Big bucks for them maybe, but better for us?

Submitted by metroparks muse on Thu, 06/05/2008 - 19:54.
[ or is this really 'Part Of Your Life, Naturally'] 


Turfgrass Research - For Better Golf and a Better Environment

Since 1920 the USGA Green Section has conducted and supported turfgrass research to provide better playing conditions for golfers. Major accomplishments have included the development of dramatically improved grasses, cultural maintenance practices, and weed, insect and disease control methods, to name just a few. 

It may seem that after 87 years of research, all the problems would have been solved. Not so! Golfer demands for better and better course conditions are causing more problems than ever before. Greens cut at a tenth of an inch, stimpmeter readings routinely surpassing 10 or 11 feet, cart traffic, fairways cut to 3/8 of an inch, and trees planted 50-80 years ago that now shade our greens, tees, roughs and fairways, all combine to cause stressed turf that is susceptible to disease and pest activity, cold, heat, drought, salt, traffic and other stresses. There are nearly 40 major disease organisms that ravage our turf, requiring tens of millions of dollars for pesticides to contain them.

Today, the USGA leads the way in turfgrass research, allocating $1.3 million annually to address the needs of the turf and the environment. This contribution is doubled or tripled at the 30-plus universities that receive USGA research grants. But considering that golf is an industry that generates tens of billions of dollars annually, more dollars need to be contributed to keep ahead of the problems found on our golf courses.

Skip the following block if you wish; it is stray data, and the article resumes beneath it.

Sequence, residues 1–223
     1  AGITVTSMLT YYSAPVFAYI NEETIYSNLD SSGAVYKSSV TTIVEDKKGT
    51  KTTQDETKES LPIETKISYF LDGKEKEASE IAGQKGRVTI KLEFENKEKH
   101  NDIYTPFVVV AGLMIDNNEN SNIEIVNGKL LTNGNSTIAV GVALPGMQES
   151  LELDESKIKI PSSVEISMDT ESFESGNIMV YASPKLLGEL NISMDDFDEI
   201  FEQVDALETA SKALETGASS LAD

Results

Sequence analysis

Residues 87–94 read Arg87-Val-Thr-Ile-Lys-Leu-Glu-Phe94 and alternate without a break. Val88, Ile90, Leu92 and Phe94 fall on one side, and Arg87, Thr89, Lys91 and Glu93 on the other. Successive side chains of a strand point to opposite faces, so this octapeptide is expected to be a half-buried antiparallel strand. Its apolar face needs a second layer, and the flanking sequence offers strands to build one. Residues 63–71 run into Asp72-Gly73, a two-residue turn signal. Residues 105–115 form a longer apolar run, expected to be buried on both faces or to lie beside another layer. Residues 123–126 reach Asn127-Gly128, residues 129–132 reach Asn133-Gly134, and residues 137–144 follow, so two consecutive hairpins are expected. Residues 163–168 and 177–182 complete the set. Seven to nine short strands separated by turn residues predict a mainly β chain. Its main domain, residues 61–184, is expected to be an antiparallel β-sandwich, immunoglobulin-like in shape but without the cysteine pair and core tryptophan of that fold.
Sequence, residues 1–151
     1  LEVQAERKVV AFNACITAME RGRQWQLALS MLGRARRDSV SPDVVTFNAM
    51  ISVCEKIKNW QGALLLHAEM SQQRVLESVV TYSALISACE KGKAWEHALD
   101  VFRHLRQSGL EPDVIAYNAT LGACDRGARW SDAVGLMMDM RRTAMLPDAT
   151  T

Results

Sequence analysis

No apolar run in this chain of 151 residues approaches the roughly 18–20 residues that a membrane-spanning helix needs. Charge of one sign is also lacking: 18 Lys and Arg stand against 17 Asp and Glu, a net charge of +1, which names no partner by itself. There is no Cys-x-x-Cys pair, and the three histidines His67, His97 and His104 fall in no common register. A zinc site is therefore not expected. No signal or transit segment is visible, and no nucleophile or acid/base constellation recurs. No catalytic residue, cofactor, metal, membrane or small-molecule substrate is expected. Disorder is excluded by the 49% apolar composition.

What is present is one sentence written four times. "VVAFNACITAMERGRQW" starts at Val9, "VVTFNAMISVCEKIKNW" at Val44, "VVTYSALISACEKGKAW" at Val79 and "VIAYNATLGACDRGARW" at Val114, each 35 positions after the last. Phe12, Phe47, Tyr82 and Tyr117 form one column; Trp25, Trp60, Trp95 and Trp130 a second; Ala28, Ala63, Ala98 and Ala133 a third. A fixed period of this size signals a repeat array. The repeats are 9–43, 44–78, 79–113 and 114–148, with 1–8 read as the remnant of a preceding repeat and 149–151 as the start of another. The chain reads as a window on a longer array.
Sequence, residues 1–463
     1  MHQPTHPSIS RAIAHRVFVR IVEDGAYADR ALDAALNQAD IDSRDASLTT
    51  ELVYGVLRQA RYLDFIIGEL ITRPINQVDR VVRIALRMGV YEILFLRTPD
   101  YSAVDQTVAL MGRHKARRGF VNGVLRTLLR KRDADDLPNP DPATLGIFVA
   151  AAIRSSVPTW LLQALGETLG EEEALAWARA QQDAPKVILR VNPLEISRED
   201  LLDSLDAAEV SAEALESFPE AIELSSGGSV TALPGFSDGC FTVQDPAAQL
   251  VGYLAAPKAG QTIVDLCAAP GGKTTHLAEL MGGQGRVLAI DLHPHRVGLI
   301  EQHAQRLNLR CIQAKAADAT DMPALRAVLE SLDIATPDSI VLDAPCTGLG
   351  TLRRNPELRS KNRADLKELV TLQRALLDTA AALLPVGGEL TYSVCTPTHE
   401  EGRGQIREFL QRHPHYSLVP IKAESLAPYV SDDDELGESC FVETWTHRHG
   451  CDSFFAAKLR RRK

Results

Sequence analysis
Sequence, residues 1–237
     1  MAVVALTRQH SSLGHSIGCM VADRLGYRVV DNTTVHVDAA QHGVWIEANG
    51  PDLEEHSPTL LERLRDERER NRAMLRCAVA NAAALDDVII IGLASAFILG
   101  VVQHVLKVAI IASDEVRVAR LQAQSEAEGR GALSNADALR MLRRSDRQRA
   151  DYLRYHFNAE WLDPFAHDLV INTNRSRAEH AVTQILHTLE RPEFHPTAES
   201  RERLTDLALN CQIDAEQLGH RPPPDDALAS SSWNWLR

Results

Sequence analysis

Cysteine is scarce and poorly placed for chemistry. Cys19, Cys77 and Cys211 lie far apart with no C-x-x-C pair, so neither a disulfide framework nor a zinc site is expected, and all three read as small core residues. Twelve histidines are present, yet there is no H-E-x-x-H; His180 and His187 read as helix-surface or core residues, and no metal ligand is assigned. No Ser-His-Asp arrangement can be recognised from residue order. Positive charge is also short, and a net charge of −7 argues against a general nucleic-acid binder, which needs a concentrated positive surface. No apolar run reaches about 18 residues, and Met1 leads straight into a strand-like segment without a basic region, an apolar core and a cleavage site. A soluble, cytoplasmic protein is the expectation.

You got me... wtf is a stimpmeter? I had to look it up. Found it in the trusty wikipedia: stimpmeter. Be sure to click through to the link for Oakmont Country Club in Pittsburgh. Fascinating to read that we may be making every effort here in our own Metroparks  to be on par with Oakmont, Pennsylvania's "fastest golf course in the world". Silly me, I thought the Metroparks were about natural greenspace for some lame reason...

Oakmont - Though it flanks the Allegheny River (imagine the chemicals flowing into the river... gasp), it has no water hazards and now virtually no trees (4000 were removed in recent renovation). Wow! Now that's somthing to aspire to. Do they yell fore when they get ready to spray on the Roundup or whatever they use?

Playing It Safe

As more diseases are linked to chemical exposure: atrazine as an endocrine disrupter, trichlorfon associated with diabetes, and bacterial resistance to antibiotics in the water supply, a conservation organization needs to walk the walk.


We especially have to be concerned about kids who are generally more sensitive to chemical effects. Is it a wise idea to have them playing on treated courses when the effects may not be recognized for years? What alternatives are there - playing a less 'perfect' but safer course? Metroparks takes great pride in the perfection of its turf and more perfect turf requires more chemicals. Mowing adds to air pollution. Set an example Metroparks - promote slower play and less roll and better health for people and nature.